Corporate communications campaigns are vital in any business. It is through an internal communication program that the management is able to connect to its employees, relaying relevant and timely information that are critical to the achievement of corporate goals. Most people in the workplace may not realize it , but the communications team usually spend a lot of time crafting and fine-tuning its corporate communications plan to ensure that it would be successful when executed.
If you’ve been tasked to come up with your own communications program in the workplace, how would you start? Do you immediately think of a campaign slogan, a one-liner that can stick in the minds of your co-workers? This article will help you through the preparation and assist you in creating a corporate communications plan that is audience focused; one that can help get your message across.
1. Identify your objectives.
Any corporate communications plan, whether designed for the long-term or short-term, begins by laying out the objectives of the campaign. Simply put, what does the team want to achieve? When and how would these goals be achieved? These are the three essential questions you need to answer in identifying your campaign’s goals.
2. Understand your audiences.
The second step in crafting a corporate communications plan is to know and understand your audiences. Are you communicating with the employees in the head office? Or only those who are part of customer service teams? Does the campaign target all junior-level officers?
By knowing your audience, you can tailor specific messages for each particular group. Think about the needs of your audience. What do they need to know from you? This would help you in developing key messages that your audience will be able to absorb.
3. Identify communication messages and channels.
Once you have identified your goals and your audience, you can start working out the messages that would help you meet your objectives, and that your audience will be able to understand.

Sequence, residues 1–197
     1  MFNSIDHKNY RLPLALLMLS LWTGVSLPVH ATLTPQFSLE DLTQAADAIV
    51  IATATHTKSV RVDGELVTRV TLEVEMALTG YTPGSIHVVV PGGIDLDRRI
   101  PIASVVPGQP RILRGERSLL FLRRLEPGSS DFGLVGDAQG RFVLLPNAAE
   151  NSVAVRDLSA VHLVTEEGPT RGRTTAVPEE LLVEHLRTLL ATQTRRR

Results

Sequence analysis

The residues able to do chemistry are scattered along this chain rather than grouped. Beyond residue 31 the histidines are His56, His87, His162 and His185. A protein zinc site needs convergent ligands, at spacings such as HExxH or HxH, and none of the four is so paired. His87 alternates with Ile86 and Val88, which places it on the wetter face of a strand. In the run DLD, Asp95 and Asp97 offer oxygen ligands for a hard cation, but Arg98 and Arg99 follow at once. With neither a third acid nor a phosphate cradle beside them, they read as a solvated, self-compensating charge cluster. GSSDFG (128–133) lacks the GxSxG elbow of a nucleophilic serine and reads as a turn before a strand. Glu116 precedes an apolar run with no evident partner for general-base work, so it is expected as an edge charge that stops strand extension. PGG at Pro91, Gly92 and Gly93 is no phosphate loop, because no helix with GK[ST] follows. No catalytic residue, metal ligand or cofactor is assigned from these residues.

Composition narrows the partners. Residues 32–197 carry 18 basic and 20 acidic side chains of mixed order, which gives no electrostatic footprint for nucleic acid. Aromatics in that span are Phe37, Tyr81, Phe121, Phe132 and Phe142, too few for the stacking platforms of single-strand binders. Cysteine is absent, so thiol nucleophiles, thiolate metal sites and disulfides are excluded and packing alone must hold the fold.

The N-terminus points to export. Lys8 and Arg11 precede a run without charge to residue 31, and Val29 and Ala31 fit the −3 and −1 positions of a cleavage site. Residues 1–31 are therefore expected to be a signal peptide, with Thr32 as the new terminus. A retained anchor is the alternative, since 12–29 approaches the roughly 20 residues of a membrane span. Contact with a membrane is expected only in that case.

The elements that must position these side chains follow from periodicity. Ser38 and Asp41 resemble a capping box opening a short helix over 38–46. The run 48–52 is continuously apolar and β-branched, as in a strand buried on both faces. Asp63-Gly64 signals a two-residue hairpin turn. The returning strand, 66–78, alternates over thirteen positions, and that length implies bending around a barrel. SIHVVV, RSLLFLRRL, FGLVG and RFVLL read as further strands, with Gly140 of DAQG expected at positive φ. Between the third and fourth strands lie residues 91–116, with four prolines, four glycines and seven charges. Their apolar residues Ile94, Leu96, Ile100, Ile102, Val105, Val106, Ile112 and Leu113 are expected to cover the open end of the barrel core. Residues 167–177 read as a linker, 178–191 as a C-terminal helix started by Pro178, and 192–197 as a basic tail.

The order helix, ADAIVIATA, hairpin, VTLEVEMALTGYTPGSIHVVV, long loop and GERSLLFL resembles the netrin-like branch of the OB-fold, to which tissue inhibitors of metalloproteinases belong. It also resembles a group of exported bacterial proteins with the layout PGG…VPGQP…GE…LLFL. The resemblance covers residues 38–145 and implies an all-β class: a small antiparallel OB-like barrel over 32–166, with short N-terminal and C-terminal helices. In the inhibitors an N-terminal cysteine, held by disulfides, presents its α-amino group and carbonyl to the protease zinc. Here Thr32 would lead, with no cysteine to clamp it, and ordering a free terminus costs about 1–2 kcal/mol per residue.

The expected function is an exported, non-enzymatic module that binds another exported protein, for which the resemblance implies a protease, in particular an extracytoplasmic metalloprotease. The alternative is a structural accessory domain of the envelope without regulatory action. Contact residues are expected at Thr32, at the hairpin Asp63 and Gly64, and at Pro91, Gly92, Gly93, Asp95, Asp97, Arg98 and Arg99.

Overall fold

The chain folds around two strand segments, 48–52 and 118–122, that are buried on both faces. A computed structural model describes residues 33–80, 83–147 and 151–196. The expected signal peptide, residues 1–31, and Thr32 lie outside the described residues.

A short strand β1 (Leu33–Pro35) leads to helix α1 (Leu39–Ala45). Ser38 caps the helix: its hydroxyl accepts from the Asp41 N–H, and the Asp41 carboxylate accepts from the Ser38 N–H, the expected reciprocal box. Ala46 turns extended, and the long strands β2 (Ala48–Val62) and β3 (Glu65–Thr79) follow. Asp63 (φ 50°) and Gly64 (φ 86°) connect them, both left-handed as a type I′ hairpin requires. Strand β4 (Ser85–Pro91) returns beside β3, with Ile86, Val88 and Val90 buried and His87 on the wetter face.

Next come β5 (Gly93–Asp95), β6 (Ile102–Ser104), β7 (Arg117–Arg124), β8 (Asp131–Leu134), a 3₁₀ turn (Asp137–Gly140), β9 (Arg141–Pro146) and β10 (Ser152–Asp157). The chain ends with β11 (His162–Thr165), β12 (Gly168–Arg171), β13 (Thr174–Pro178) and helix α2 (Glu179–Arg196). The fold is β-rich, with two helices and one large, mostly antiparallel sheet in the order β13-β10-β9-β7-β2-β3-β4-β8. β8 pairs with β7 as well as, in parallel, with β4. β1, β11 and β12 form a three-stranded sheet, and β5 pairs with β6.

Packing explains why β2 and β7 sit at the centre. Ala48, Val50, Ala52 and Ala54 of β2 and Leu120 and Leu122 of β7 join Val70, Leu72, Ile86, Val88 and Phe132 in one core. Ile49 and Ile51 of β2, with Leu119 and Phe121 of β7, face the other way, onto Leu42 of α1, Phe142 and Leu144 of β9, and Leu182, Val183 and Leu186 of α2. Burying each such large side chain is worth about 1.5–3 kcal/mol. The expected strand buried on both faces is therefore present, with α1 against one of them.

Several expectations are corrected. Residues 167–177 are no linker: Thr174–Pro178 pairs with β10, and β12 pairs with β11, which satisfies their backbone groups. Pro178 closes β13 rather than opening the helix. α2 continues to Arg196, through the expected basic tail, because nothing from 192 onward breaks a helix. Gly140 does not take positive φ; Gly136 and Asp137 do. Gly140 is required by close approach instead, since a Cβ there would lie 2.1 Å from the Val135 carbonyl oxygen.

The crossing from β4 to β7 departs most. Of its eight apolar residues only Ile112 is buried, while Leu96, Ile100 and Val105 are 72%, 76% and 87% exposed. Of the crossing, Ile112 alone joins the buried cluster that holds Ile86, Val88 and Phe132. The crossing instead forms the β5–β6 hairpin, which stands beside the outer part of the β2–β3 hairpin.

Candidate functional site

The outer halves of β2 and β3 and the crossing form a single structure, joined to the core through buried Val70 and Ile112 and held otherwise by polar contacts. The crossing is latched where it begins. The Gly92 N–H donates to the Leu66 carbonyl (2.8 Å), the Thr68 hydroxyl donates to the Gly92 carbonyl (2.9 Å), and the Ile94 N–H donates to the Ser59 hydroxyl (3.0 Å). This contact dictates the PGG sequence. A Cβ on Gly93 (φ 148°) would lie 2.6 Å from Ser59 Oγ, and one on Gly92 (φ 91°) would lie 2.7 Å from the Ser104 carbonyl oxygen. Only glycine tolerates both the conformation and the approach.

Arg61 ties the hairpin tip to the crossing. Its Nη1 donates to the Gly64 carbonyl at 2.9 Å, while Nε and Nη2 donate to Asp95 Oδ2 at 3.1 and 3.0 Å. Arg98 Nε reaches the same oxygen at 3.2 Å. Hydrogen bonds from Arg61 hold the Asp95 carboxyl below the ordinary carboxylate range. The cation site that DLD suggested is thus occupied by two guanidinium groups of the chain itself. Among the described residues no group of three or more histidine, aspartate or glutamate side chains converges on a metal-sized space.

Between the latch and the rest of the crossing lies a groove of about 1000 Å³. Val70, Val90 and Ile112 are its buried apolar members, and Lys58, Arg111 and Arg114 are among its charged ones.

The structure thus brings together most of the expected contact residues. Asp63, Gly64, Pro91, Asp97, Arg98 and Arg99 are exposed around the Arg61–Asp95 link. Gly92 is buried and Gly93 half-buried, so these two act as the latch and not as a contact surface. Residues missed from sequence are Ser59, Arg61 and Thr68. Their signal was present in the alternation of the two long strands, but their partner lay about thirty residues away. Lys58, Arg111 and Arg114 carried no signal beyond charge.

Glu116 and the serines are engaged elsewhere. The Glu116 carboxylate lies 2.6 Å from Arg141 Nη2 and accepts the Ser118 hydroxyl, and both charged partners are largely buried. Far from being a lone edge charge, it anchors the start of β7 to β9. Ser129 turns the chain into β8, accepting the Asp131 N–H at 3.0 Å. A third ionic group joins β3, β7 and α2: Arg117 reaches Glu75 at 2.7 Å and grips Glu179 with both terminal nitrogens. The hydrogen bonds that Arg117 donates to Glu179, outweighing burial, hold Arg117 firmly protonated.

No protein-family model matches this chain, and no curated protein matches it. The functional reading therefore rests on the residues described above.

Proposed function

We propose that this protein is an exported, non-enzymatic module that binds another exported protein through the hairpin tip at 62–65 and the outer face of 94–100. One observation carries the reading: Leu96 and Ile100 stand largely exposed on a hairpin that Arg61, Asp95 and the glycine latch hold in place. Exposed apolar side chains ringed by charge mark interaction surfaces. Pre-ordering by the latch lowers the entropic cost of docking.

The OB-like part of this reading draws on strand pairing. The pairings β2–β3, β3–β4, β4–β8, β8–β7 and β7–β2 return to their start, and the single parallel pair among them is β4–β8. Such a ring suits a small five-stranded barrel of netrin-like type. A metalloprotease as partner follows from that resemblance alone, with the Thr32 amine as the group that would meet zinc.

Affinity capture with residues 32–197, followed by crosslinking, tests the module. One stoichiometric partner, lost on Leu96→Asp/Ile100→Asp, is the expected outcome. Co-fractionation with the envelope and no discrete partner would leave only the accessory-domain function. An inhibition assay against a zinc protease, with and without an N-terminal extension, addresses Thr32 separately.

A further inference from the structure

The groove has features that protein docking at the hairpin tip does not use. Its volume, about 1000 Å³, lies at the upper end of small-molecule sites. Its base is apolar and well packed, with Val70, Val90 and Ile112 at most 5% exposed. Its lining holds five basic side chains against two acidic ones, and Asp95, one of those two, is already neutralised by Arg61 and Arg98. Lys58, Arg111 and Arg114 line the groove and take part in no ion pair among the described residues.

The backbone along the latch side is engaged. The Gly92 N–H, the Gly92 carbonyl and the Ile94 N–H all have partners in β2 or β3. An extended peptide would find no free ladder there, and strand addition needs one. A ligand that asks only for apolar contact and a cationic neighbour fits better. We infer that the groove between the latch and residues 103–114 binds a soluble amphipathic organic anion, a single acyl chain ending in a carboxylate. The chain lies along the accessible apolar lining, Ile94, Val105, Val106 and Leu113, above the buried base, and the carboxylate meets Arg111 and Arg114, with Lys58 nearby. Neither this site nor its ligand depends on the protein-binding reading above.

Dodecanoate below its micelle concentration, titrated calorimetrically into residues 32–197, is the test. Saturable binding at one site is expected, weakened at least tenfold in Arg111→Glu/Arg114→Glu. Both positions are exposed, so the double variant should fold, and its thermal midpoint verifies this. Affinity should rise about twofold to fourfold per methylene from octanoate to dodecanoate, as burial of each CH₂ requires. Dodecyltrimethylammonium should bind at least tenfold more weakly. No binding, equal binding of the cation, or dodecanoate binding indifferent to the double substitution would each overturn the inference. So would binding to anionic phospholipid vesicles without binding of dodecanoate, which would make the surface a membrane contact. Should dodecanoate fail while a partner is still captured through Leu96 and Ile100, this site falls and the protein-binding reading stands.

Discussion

Your messages should fit the communication channels that you desire to tap. For instance, messages ought to be concise when you use digital signage, posters, or desktop alerts. You can expound on your message if you are to tap other communication tools like the corporate newsletter or email.
In planning the messages for each audience, start by focusing on the broadest audience first. Thus, you can begin by think about the entire workforce first like “all people working in the head office.” You can then break down your core message into digestible parts for other specific groups in the head office, like members of the training department or the security team.
For example, your core message could be “everyone can help the company in reducing its carbon footprint.” This message would apply to everyone across the organization. Then you can break down your message by citing examples appropriate to the groups in the organization. For instance, you can cite ways for company drivers to minimize fuel consumption of the company vehicles.
4. Monitor effectiveness.
Always get feedback on the communications that you have planned and implemented. Ask people from the various audiences on how you are doing, and if they were able to fully understand what you’re trying to tell them. Employee surveys and interviews should help you get timely feedback, and which you can use to fine-tune your corporate communications plan.
Monitoring the effectiveness of your communications plan can also give you and your team inputs on how you can work on an improved communications campaign in the future.
Following these four steps can enable you to implement a corporate communications campaign that would be able to convey critical and relevant information to the rest of the organization.